B The Peace of Westphalia
The Peace of Westphalia, formalised on 24 October 1648, was in fact composed of two separate agreements.12 The Treaty of Osnabrück was concluded between two groups of political entities – on the one hand, the Protestant Queen of Sweden and her allies and, on the other, the Holy Roman Habsburg Emperor and the German Princes. The Treaty of Münster, for its part, was also concluded between two groups – one the one hand, the Catholic King of France and his allies and, on the other, the Emperor and the Princes.12 Thus these agreements were bilateral in nature, which reflects the practice of the time that had not yet evolved to the making of multilateral treaties.12
Although the Treaties paid homage to the unity of Christendom,12 it is significant that they involved numerous polities.13 Sweden and France insisted on having the German Princes as parties to the Peace, a strategy obviously meant to weaken the position of the Emperor vis-a-vis the Princes. In fact, the Treaties were instruments not only to bringing peace between the former belligerents, but also to dealing with constitutional matters within the Empire.13 Indeed, article 70 of the Münster Treaty declared:
For the greater Firmness of all and every one of these Articles, this present Transaction shall serve for a perpetual Law and established Sanction of the Empire, to be inserted like other fundamental Laws and Constitutions of the Empire in the Acts of the next Diet of the Empire, and the Imperial Capitulation; binding no less the absent than the present, the Ecclesiastics than Seculars, whether they be the States of the Empire or not: insomuch as that it shall be a prescribed Rule, perpetually to be followed, as well by the Imperial Counsellors and Officers, as those of other Lords, and all Judges and Officers of Courts of Justice.13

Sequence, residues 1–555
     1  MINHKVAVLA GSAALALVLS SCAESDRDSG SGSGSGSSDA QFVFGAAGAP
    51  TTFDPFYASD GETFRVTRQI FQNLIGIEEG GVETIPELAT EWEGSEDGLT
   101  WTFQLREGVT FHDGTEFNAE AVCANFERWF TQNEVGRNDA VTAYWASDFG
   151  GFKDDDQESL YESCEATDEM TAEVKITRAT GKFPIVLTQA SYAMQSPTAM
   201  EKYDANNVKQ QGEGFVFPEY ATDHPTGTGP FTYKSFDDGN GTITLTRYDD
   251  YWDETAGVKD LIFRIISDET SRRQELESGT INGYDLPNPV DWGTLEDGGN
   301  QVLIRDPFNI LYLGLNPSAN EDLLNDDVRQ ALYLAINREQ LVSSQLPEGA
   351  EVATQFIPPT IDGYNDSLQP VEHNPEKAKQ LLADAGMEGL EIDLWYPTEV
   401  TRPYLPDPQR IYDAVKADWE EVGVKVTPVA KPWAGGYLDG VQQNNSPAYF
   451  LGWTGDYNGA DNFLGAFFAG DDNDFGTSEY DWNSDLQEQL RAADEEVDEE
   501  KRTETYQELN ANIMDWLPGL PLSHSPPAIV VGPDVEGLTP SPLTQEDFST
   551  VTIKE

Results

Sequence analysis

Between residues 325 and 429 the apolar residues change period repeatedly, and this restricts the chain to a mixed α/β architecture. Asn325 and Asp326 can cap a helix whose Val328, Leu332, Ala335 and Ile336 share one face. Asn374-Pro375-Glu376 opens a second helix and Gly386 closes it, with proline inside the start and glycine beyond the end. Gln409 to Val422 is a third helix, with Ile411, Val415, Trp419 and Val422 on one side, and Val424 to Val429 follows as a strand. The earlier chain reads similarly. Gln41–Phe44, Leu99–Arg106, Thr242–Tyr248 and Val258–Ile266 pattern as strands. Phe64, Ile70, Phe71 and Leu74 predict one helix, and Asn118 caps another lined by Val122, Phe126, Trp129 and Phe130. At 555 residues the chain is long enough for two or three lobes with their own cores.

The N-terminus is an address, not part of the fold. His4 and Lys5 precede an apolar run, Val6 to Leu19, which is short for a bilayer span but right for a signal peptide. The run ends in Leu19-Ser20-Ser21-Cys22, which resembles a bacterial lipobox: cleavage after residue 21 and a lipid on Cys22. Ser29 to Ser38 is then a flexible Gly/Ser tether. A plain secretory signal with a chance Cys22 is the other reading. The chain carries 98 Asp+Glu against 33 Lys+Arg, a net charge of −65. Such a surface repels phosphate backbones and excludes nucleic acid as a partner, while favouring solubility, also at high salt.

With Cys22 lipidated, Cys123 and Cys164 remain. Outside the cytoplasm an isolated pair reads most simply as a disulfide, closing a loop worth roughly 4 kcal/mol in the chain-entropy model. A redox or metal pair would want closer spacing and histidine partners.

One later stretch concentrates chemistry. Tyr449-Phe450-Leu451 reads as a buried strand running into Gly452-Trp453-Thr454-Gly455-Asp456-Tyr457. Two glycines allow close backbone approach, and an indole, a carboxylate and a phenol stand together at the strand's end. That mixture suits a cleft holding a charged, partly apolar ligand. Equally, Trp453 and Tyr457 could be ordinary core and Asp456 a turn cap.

This large number of actors from both within and without the Empire13 seem, a priori, to bear witness to the termination of the Imperial transcendental domination in Europe.13 However, a proper analysis of Westphalia that concentrates on the relevant discourse will go beyond this facade and will show that the Peace did not signal the death toll of the Empire in favour of the German distinct separate polities.
1 Religious issues
First and foremost, building on the acquis from the Peace of Augsburg in 1555,13 the main object of the Peace of Westphalia was to establish a regime on religious practice and denominational matters.13 Although the Treaties did not explicitly abandon the principle that the monarch could determine the religion of the land, they nevertheless provided for some constitutional safeguards.13 Indeed, several provisions were inserted to circumscribe and curtail the Princes’ formerly absolute authority over the religious sphere.13 The most material one, at Article 5, paragraph 11, of the Osnabrück Treaty, established that a ruler who chose to change his or her religion could not compel his or her subjects to do the same.13
Also, the Westphalia Treaties formally recognised freedom of conscience for Catholics living in Protestant areas and vice versa, which included protection for worship practices and religious education. Article 5, paragraph 28, of the Osnabrück Treaty thus read: